Re: MadCap Nightmare

Subject: Re: MadCap Nightmare
From: "John Cook" <john -dot- cook -at- gmail -dot- com>
To: techwr-l -at- lists -dot- techwr-l -dot- com
Date: Thu, 10 Aug 2006 13:35:33 -0500

On 8/10/06, Frank Ellifsen <frank -dot- ellifsen -at- gmail -dot- com> wrote:

List members, I've been asked by a friend to forward this message to the
list. My friend wishes to remain anonymous, and I offered to post the
message on her/his behalf.

Please do as the poster requests and send all replies to the list.


Ah, ye-olde drive-by rant. Nice.

I would normally direct this sort of response directly back to the
author offline, however, as that avenue has been removed, I'll respond
to the list as requested.

Be careful what you wish for.

Frank, posting your friend's screed like this looks like cowardice on
their part, complicity on your part, and unprofessional behavior from

Contact the vendor first instead of anonymously posting a vitriolic
screed on a public forum. That looks dangerously close to character
assassination, and doesn't solve anything.

Unless that was the point.

Fellow Techwr-lers!

Sorry for the anonymous post, but I don't want this to come back and haunt
me somehow (you know it will).

If you, anonymous coward, were having second thoughts before you sent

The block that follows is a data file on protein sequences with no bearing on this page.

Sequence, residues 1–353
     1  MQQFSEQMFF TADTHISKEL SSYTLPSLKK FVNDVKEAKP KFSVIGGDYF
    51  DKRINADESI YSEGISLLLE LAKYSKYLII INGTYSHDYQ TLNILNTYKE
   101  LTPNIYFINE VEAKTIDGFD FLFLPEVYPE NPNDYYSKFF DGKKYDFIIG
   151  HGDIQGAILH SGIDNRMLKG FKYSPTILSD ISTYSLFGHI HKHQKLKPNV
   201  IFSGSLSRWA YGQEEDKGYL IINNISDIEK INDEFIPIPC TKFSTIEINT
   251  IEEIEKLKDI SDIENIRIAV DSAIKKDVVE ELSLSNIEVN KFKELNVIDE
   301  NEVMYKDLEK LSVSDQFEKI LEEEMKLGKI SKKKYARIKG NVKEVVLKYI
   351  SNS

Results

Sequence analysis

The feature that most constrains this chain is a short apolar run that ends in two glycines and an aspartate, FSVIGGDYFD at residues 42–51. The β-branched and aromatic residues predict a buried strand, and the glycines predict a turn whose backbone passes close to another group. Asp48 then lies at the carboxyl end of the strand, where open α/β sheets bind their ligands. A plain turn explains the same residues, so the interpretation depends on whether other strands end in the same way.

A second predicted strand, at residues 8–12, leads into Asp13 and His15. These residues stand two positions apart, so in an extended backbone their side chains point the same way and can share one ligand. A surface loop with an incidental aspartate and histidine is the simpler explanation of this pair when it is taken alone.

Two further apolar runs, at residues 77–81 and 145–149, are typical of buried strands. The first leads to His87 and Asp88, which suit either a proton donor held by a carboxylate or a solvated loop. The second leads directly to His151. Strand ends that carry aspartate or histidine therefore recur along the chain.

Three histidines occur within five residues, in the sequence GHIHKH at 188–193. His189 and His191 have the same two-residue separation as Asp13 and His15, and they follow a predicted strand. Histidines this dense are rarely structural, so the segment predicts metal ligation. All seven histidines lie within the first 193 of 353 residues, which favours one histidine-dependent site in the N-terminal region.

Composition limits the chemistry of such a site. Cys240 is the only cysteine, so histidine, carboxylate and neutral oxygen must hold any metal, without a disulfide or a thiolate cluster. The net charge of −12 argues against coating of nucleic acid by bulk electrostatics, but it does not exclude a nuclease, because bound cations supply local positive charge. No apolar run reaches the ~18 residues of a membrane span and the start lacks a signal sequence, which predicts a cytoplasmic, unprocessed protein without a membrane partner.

this to your friend, I suggest that you should have taken a deep
breath and edited yourself. If you don't have the wherewithal to
contact the vendor in question directly, maybe you should do what I do
on occasion when I'm angry about something:
* write your message,
* wallow in the emotions that it elicts,
* delete the message, unsent, for it has already accomplished the most
positive thing in the writing that it will ever aspire to

Then, having worked out the emotion, you can sit down and write
another message, this time leaving out all the unproductive and
unprofessional digs. If you are a technical writer as you claim,
write out the situations, conditions, and results of the problems you
are having and submit them to the vendor. If you find something new
and hairy, your message may help bring about improvement in future
software, a positive effect that will benefit everyone. On the other
hand, if the problem was a user error, you'll be able to receive
instruction without feeling foolish. Either way, you will end up with
a happy ending, and won't have to avoid being haunted by the manner of
your complaint, and your friend will still be your friend.

Bottom line - discretion is the better part of valor. It is most
appropriate (and most effective) to start at the source, not at the
watering hole.

John Cook
Technical Writer / Help Author
john dot cook at gmail dot com

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MadCap Nightmare: From: Frank Ellifsen

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